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11/22/2006
05:15 PM
John Soat
John Soat
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IT Confidential: What's Up With The Future?

We're headed toward (A) a technological Eden or (B) a wasteland of ashes and goo. And please put your response in the form of a question.

I've decided on a new career: Futurist.

There’s no real downside. If your predictions come true, you’re a genius; if they don’t, you’ll probably be dead by then anyway, so your publisher can’t ask for royalties back. At least, I don’t think it can.

Except I keep stumbling over the most elemental prediction: Is the future good or bad?

That occurred to me when I read an interview with artificial-intelligence expert and noted futurist Ray Kurzweil by my colleague Sharon Gaudin (see "Kurzweil: Computers Will Enable People To Live Forever"). In it, Kurzweil talks about the imminent merger of man and machine, how robotic parts will prolong life, nanobots in the bloodstream will cure disease, and virtual worlds will substitute for the real one. He detailed that vision in his book, The Singularity Is Near: When Humans Transcend Biology (Viking Adult, 2005).

Don’t get me wrong: Kurzweil is a brilliant man. I wouldn’t go up against him in Jeopardy.

But several of the points Kurzweil makes remind me of a song called "In The Year 2525." A hymn to technological encroachment, it hit No. 1 on the Billboard chart in the summer of 1969. It starts out like this: "In the year 2525, if man is still alive, if woman can survive, they may find ..." then goes on to list humans’ increasing dependence on technology, such as robotic limbs, virtual worlds, nanobots, etc. That’s a liberal interpretation of the lyrics, but stay with me.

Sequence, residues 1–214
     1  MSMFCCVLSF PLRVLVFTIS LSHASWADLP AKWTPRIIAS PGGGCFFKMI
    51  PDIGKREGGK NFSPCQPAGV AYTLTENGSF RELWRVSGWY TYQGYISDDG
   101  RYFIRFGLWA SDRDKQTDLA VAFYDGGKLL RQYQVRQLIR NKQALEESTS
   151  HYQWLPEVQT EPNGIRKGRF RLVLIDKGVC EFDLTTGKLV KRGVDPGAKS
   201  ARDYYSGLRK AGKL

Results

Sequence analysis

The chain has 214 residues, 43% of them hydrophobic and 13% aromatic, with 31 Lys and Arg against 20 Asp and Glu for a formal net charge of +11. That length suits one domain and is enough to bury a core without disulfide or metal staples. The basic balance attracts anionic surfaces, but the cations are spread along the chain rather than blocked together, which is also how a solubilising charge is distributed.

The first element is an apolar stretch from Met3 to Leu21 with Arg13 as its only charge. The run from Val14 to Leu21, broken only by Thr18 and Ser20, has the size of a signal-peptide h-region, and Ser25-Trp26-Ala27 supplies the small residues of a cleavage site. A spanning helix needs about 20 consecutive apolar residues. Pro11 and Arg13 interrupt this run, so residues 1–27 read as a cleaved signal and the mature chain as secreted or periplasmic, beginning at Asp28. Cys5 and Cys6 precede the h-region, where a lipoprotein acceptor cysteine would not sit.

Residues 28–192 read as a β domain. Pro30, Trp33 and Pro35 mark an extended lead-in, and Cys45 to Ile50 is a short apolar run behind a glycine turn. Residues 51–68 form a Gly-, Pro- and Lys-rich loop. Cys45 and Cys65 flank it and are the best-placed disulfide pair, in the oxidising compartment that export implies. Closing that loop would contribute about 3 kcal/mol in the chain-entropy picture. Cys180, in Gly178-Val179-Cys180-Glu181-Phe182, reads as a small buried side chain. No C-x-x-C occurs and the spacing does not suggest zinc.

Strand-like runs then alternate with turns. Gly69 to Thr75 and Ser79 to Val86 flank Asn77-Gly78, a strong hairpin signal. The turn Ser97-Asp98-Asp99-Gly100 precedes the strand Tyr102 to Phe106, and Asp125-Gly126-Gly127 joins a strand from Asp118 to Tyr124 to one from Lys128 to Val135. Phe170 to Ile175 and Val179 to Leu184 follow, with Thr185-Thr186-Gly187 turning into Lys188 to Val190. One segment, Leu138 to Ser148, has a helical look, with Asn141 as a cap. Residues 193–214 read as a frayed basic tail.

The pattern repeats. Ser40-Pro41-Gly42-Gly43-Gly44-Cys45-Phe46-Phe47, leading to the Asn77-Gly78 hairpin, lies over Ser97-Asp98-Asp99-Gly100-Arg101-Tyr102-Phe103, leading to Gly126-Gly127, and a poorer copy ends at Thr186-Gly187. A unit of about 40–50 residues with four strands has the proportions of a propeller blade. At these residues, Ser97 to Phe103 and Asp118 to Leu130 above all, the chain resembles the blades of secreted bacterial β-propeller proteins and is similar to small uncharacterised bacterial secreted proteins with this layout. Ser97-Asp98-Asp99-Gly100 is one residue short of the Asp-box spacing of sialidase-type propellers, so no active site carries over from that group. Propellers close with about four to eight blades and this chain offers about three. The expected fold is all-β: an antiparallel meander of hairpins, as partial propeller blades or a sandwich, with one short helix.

The irony is that the two prognosticators arrive at the same points, but different conclusions. While Kurzweil is an optimist, a virtual-glass-half-full guy, the writer of "2525" is more suspicious.

These developments are closer than one might think (me, I mean; not Kurzweil). Recently, the virtual world known as Second Life has attracted a great deal of attention. In Second Life, virtual avatars interact in lifelike ways, and, as Second Life’s popularity has increased, more and more real-world businesses are setting up shop there.

Unfortunately, a worm infected Second Life two weeks ago and forced its creators, Linden Labs, to shut it down for a while ("Worm Knocks Second Life Offline"). The worm was called "gray goo," and it’s a telling reference. The gray-goo theory refers to what might happen if self-replicating nanobots get out of control and reduce the world to ... well, you get the picture. Sun co-founder Bill Joy, certainly no dummy, subscribes to the gray-goo theory.

A popular, and highly regarded, television show called Battlestar Galactica posits a future in which a decimated human population fights for survival against the robots they created. A surprise best-seller this year is a book called The Road, by Cormac McCarthy (Knopf, 2006), about the journey of a father and son through an ash-filled, postapocalyptic world. Not that popular culture is any great predictor, but a lot of people seem to be sensing something ill in the wind.

On second thought, maybe I don’t want to be a futurist. I have a hard time predicting where my shoes will be in the morning, much less what life will be like 100 years from now. When my prognostications turn out all wrong, I’ll still be alive and my publisher will definitely demand royalties back. That is, if Ray Kurzweil has it right.

Otherwise, it’s all ashes and goo anyway.

Ha! Just kidding. How’s your future looking? Send your best predictions, and industry tips, to jsoat@cmp.com or phone 516-562-5326.


To discuss this column with other readers, please visit John Soat's forum.

To find out more about John Soat, please visit his page.

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